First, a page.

GERD Specialist

Gastrointestinal Medicine Associates

Gastroenterologists located in Fairfax, VA & Reston, VA

Gastroesophageal reflux disease (GERD) affects an amazing 20% of American adults. Without treatment to keep GERD under control, they’re all at risk of serious and painful complications. The board-certified physicians at Gastrointestinal Medicine Associates in Fairfax and Reston, Virginia, recommend scheduling an early evaluation so you can get customized treatment that stops your pain and prevents GERD from damaging your esophagus. Don’t wait to get relief from GERD. Call the office today to schedule an appointment.

GERD Q&A

What causes GERD?

GERD occurs when gastric acid comes out of your stomach and goes up into your esophagus. This problem happens when the muscle between the esophagus and stomach weakens.

This muscle, the lower esophageal sphincter (LES), opens to let food and beverages enter your stomach. Then it tightly closes to keep everything in your stomach, including gastric acid. When the LES is weak or damaged, it doesn’t work normally, and you end up with acid reflux.

Acid reflux turns into GERD when you have reflux at least twice a week and the problem doesn’t improve with over-the-counter antacids.

What symptoms develop if I have GERD?

Heartburn is the most common symptom of GERD. If you have heartburn, you experience a burning sensation and sometimes intense pain in the center of your chest.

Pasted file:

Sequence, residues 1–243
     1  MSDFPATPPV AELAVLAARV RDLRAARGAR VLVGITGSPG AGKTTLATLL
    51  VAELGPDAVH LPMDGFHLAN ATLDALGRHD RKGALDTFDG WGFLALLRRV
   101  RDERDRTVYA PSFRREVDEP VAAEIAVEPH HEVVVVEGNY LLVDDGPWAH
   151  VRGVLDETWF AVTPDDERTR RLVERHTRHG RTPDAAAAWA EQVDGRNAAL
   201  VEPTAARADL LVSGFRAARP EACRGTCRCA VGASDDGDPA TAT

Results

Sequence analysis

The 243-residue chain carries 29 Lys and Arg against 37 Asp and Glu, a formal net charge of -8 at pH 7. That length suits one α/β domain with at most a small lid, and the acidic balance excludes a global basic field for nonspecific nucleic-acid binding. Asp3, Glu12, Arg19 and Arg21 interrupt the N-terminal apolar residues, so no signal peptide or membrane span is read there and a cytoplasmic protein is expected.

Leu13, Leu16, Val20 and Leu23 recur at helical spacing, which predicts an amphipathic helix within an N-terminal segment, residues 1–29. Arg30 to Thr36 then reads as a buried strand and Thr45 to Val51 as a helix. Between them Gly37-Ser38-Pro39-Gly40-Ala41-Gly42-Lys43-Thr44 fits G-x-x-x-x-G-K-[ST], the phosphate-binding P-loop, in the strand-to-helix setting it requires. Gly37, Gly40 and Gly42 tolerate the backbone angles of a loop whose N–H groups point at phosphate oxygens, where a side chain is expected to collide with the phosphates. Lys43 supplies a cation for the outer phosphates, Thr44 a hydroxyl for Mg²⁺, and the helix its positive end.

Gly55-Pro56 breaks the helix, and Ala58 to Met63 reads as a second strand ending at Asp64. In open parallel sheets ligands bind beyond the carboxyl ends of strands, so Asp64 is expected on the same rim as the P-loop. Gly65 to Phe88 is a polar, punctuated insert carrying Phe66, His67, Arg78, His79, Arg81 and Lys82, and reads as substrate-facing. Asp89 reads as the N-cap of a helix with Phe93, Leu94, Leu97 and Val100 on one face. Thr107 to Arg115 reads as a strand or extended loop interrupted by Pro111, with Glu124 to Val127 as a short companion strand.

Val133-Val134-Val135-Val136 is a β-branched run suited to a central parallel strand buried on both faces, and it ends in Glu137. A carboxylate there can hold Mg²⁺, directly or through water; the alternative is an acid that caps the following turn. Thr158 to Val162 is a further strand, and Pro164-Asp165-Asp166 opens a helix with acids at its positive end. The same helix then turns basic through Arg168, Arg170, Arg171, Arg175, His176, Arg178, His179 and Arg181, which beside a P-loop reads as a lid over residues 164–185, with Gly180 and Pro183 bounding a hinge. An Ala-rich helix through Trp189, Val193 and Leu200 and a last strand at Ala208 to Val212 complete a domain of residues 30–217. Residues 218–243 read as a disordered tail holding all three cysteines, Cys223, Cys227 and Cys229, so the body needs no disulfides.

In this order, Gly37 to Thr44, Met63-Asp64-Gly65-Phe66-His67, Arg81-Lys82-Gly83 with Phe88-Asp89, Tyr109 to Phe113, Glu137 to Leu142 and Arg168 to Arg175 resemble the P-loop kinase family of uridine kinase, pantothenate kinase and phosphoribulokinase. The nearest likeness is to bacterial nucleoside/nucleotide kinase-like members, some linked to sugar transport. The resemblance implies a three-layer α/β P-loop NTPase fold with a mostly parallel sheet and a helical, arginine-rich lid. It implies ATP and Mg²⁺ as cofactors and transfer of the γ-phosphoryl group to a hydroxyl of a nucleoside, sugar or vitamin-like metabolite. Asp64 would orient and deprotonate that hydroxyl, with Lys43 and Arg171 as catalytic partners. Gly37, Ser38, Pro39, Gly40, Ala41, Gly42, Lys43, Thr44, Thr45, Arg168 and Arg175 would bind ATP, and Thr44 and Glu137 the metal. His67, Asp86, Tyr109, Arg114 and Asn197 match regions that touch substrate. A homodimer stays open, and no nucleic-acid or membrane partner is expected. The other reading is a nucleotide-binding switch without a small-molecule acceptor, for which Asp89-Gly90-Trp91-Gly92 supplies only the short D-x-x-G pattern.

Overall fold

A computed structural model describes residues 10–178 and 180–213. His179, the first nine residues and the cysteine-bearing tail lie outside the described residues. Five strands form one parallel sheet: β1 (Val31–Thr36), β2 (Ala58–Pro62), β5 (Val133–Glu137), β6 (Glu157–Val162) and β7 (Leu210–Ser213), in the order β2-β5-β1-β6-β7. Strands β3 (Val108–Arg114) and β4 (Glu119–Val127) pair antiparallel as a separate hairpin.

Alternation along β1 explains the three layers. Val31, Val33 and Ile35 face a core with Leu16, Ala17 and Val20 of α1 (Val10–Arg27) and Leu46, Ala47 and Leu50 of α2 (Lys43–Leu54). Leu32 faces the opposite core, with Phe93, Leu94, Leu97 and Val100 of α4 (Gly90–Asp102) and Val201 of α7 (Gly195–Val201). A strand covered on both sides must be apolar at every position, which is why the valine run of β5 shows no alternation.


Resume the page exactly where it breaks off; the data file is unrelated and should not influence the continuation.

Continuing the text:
You may also experience:

  • Hoarseness
  • Sore throat
  • Dry cough
  • Dental erosion
  • Regurgitation
  • Difficulty swallowing
  • Bitter taste in your mouth
  • Feeling like something is caught in your throat

Without treatment, GERD can damage the lining of your esophagus. This leads to complications such as scar tissue, a narrowed esophagus, and precancerous changes called Barrett’s esophagus.

How is GERD treated?

After learning about your symptoms and examining your throat, your provider at Gastrointestinal Medicine Associates often does diagnostic testing to confirm your diagnosis. They may do an upper GI endoscopy (EGD), a pH probe test, or esophageal manometry.

GERD treatment includes:

Lifestyle changes

You can prevent or reduce acid reflux by losing weight if needed, not lying down after eating, sleeping with your head elevated, and avoiding foods and beverages that trigger reflux.

Medications

Over-the-counter or prescription antacids and proton-pump inhibitors are the first lines of treatment for GERD. If your GERD doesn’t improve, you may need a minimally invasive procedure.

What minimally invasive procedure treats GERD?

Several minimally invasive procedures are available to treat GERD, but most people get exceptional results with Stretta® Therapy. Your provider guides the Stretta endoscope through your mouth and down your esophagus to the LES.

The Stretta sends low-energy, low-temperature radiofrequency energy into the LES and the stomach, where it meets the muscle. The energy triggers changes in the tissues, thickening the muscles, increasing the amount of smooth muscle, and strengthening the LES. 

As a result, the LES regains normal function and keeps gastric acid in the stomach. After treatment with Stretta, most people get GERD relief that lasts 4-10 years.

The sooner you get GERD treatment, the better it is for the health of your esophagus. To make an appointment, call Gastrointestinal Medicine Associates today.